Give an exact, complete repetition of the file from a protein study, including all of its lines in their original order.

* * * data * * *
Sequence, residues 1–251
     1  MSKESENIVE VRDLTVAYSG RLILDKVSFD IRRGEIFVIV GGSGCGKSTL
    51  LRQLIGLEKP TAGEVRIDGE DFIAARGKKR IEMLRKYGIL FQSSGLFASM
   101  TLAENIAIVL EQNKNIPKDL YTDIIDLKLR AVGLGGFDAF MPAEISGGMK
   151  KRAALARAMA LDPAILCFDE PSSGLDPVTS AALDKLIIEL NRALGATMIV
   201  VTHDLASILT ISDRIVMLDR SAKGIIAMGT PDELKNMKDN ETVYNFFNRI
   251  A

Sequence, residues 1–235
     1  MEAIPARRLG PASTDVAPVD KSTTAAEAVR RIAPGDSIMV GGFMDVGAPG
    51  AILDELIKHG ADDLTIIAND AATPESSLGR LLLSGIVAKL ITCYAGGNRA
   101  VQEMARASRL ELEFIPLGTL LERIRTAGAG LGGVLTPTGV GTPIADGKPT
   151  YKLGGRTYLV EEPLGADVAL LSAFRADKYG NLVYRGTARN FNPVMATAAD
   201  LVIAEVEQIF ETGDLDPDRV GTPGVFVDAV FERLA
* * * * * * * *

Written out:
Sequence, residues 1–251
     1  MSKESENIVE VRDLTVAYSG RLILDKVSFD IRRGEIFVIV GGSGCGKSTL
    51  LRQLIGLEKP TAGEVRIDGE DFIAARGKKR IEMLRKYGIL FQSSGLFASM
   101  TLAENIAIVL EQNKNIPKDL YTDIIDLKLR AVGLGGFDAF MPAEISGGMK
   151  KRAALARAMA LDPAILCFDE PSSGLDPVTS AALDKLIIEL NRALGATMIV
   201  VTHDLASILT ISDRIVMLDR SAKGIIAMGT PDELKNMKDN ETVYNFFNRI
   251  A

Sequence, residues 1–235
     1  MEAIPARRLG PASTDVAPVD KSTTAAEAVR RIAPGDSIMV GGFMDVGAPG
    51  AILDELIKHG ADDLTIIAND AATPESSLGR LLLSGIVAKL ITCYAGGNRA
   101  VQEMARASRL ELEFIPLGTL LERIRTAGAG LGGVLTPTGV GTPIADGKPT
   151  YKLGGRTYLV EEPLGADVAL LSAFRADKYG NLVYRGTARN FNPVMATAAD
   201  LVIAEVEQIF ETGDLDPDRV GTPGVFVDAV FERLA